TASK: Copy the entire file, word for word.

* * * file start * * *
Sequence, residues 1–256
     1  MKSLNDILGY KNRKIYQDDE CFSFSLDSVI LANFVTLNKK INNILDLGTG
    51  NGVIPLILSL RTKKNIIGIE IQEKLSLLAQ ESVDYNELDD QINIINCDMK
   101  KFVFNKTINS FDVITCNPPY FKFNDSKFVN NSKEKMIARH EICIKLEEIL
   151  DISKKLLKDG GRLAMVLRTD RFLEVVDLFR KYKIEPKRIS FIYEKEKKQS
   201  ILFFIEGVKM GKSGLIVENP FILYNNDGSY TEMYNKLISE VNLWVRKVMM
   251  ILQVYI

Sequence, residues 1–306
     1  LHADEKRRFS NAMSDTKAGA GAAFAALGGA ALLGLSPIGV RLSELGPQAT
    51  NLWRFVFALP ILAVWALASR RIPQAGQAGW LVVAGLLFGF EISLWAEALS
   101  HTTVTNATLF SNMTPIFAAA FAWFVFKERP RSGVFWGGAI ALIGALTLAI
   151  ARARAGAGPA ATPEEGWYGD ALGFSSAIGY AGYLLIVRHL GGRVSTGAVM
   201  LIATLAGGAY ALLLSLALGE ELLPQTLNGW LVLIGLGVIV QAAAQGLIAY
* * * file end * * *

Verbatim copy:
Sequence, residues 1–256
     1  MKSLNDILGY KNRKIYQDDE CFSFSLDSVI LANFVTLNKK INNILDLGTG
    51  NGVIPLILSL RTKKNIIGIE IQEKLSLLAQ ESVDYNELDD QINIINCDMK
   101  KFVFNKTINS FDVITCNPPY FKFNDSKFVN NSKEKMIARH EICIKLEEIL
   151  DISKKLLKDG GRLAMVLRTD RFLEVVDLFR KYKIEPKRIS FIYEKEKKQS
   201  ILFFIEGVKM GKSGLIVENP FILYNNDGSY TEMYNKLISE VNLWVRKVMM
   251  ILQVYI

Sequence, residues 1–306
     1  LHADEKRRFS NAMSDTKAGA GAAFAALGGA ALLGLSPIGV RLSELGPQAT
    51  NLWRFVFALP ILAVWALASR RIPQAGQAGW LVVAGLLFGF EISLWAEALS
   101  HTTVTNATLF SNMTPIFAAA FAWFVFKERP RSGVFWGGAI ALIGALTLAI
   151  ARARAGAGPA ATPEEGWYGD ALGFSSAIGY AGYLLIVRHL GGRVSTGAVM
   201  LIATLAGGAY ALLLSLALGE ELLPQTLNGW LVLIGLGVIV QAAAQGLIAY